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Clarkston, Georgia was a regular southern town, until several global refugee organizations decided to relocate people fleeing war-torn countries there. Clarkston soon became one of the United States’ most culturally diverse cities, but with the refugees also came a set of new obstacles and hardships for the old residents of Clarkston as well as the newcomers. The author traveled to Clarkston to document a story about the Fugees, a soccer team founded by Luma Mufleh, who is a Jordanian immigrant, designed specifically for refugee boys living in Clarkston. The book tells of the many obstacles that this team faced throughout their first two seasons in 2005 and 2006, and how they overcame these obstacles together as a team. Another author who had to travel to a different part of the country in order to write a story was Barbara Bradley Hagerty. She went to Berkeley, California to write about Zaytuna College; a college designed specifically for people of the Islamic faith. There she found that the perseverance and dedication of a few people brought joy and a sense of belonging to many others. Both St. John and Bradley expressed through their works, Outcasts United and New College Teaches Young American Muslims, that all people regardless of race, religion, or economic status can achieve success.  
Success is the overcoming of obstacles to reach a predetermined goal in life. For example, I have the goals of studying medicine at the University of Alberta and moving to Seattle, Washington. I will have to overcome several obstacles before I can succeed at my goals, they include not having enough money, being away from home, enduring the cold climates of Edmonton and Seattle, and not knowing anyone in those places. The main character in the book experienced a similar obstacle to mine. Luma had to start her soccer program from scratch, but because the parents of the boys had just immigrated into the U.S., they didn’t have money to pay Luma. She really wanted to start the program, but she “couldn’t fund” it and “hardly had time to spare”(St. John 51). Luma went on to work together with the YMCA and the Clarkston Community Center in order to start her soccer academy. Zaytuna College students want to succeed in life, but they have a huge obstacle ahead of them, and that is how the rest of the world views them as a Muslim college. As one of the students put it, “Anything can be misconstrued”(Bradley). The students are trepid that anything out of the ordinary that they do in their college might cause other people in the country to worry about the purpose Zaytuna College. Even though both texts displayed the obstacles of two very different groups of people, they inspired me, as an immigrant, to continue pursuing my goals and overcoming my obstacles regardless of my race, religion, or economic status.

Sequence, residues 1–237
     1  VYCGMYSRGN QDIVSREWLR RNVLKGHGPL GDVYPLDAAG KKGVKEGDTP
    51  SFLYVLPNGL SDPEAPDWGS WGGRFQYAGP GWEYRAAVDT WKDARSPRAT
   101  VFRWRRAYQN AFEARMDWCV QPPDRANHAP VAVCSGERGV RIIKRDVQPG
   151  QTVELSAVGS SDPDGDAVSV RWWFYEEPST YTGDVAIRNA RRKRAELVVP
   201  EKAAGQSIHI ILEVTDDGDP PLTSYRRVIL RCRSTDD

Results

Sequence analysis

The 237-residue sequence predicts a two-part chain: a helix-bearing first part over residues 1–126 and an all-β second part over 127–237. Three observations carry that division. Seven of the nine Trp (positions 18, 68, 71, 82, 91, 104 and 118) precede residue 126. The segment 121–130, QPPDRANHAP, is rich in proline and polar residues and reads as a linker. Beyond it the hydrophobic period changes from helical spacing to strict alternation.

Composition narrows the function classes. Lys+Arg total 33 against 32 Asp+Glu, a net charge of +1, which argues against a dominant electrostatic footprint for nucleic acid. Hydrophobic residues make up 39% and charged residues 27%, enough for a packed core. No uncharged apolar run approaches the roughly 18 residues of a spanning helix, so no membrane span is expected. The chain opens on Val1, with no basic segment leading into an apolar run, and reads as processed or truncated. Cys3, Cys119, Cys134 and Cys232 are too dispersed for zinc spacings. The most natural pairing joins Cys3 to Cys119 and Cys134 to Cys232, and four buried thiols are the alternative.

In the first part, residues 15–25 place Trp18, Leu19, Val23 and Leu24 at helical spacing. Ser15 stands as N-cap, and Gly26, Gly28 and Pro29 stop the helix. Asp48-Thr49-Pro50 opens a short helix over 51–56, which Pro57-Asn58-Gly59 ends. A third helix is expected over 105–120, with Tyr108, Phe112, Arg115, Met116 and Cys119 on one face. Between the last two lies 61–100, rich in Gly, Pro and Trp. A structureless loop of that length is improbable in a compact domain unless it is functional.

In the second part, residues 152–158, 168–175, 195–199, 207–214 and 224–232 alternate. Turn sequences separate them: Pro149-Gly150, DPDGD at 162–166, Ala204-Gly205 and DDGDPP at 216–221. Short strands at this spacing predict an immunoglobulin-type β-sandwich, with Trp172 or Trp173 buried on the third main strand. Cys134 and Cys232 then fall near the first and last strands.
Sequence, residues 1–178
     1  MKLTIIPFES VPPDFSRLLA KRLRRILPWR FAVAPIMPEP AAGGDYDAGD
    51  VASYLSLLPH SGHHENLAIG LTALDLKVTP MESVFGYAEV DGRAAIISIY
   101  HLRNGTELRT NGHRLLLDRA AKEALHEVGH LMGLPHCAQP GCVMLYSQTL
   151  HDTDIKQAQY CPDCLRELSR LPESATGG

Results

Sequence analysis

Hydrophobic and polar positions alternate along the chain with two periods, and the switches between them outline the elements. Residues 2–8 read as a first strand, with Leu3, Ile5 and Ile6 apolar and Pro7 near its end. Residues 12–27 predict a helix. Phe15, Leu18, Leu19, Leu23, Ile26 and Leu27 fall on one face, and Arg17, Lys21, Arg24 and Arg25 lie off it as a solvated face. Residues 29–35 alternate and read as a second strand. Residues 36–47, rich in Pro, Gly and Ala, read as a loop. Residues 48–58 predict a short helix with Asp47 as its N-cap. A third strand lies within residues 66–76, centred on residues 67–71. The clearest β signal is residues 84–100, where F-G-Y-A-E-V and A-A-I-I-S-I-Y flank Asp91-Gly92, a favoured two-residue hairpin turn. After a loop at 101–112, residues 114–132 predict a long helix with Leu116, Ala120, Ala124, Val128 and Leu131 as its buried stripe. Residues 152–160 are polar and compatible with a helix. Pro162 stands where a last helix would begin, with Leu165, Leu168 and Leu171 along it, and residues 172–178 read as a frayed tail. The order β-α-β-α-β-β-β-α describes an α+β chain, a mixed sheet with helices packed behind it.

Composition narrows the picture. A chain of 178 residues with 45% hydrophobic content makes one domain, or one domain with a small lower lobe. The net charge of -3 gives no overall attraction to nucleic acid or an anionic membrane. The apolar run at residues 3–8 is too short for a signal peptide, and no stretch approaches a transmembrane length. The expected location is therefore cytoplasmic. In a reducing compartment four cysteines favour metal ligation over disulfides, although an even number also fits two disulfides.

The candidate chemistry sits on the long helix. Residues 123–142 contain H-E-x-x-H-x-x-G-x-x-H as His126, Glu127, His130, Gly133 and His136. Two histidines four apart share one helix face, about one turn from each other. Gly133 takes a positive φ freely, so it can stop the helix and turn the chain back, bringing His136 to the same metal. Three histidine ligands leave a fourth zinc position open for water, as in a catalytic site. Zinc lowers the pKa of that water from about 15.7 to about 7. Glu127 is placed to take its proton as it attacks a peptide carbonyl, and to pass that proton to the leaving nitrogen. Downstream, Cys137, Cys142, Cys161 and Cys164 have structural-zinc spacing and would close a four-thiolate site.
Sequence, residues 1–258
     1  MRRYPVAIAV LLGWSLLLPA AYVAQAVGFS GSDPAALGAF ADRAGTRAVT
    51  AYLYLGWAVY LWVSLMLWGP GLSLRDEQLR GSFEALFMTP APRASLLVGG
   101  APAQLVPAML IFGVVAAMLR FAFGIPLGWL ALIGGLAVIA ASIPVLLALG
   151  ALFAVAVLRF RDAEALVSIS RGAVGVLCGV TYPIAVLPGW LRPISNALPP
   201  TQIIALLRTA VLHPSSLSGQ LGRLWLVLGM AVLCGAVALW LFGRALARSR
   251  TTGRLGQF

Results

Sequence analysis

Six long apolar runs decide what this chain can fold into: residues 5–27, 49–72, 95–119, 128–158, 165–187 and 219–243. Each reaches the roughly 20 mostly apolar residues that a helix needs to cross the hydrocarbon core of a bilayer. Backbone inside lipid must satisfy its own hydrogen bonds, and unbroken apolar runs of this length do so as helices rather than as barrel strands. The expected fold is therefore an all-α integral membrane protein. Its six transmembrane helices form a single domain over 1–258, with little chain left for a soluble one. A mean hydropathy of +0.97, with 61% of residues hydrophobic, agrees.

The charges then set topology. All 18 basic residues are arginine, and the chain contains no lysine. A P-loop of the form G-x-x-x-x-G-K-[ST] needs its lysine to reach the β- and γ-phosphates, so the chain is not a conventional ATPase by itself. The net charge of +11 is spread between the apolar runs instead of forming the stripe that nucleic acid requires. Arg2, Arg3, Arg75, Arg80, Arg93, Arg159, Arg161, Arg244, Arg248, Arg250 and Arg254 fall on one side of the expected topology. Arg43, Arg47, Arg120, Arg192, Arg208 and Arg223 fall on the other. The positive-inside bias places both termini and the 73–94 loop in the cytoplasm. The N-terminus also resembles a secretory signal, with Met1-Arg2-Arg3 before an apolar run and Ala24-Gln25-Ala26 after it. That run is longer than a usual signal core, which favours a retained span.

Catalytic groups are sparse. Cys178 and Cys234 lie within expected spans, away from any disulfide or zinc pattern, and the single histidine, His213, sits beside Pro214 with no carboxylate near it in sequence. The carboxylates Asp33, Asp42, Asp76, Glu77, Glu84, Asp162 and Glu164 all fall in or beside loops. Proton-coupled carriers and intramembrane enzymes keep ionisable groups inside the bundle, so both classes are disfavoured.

I liked how the book Outcasts United was written. It was like watching a documentary made by one person, because it was written in first person, chronological order, and contained several flashbacks and interviews. It started off slow, talking only about Luma and her life before starting the soccer team. As time passed more and more characters began to appear as they immigrated into the U.S., each character brought a new story with them, which only caused the plot to thicken more and more. In the end everything is tied up, from Luma’s background as a player and a young coach, to the players’ life, and the formation and structure of the Fugees. The author sometimes used complex and smart words, but other times he used slang, which caused the text to have different connotations at different places throughout the book. This was evident when describing a man in one of the fields where the Fugees played as having a “joint in his hand” (St. John 114). The use of such a word indicates that the man was young and informal. Instead of that word the author could have used the term marijuana cigarette. The use of slang and curse words made this book less cogent, however the plot made it an interesting and vehement piece of literature.

As I read both texts I learned more things than just lessons about success. From Outcasts United I learned about a soccer team from the area where one of my parents works, as well as several new soccer tactics, which I have never thought about but in the book they worked. I even learned some Swahili when Grace and Bien were talking. “Yes” in Swahili is “Ndiyo” and “Do you speak Swahili?” is “Unasema Kiswahili?”(St. John 74). From the article about Zaytuna College I learned about Hamza Yusuf, a popular Muslim preacher who I have never heard of before but who supports the idea of the founding of Zaytuna College. The lessons that I learned from both works can be used as future references in other things that I will do later on in my life.

Both texts are well constructed and well put together. I thought that the author of Outcasts United was great, and I will definitely read other books by him. I loved how he introduced every character and did not focus on any single character, which prevented it from being tedious. I also liked the way both raconteurs used facts about their topics to add to their writing. What really enhanced their texts was the way they presented the obstacles faced by people in their books: those students in Zaytuna College, and the newcomers to Clarkston, Georgia.


Great job on the essay. I like your voc. use.


This was a really nice review of the book however your thesis was not in the first paragraph and there is no hook, but besides that you did a nice job


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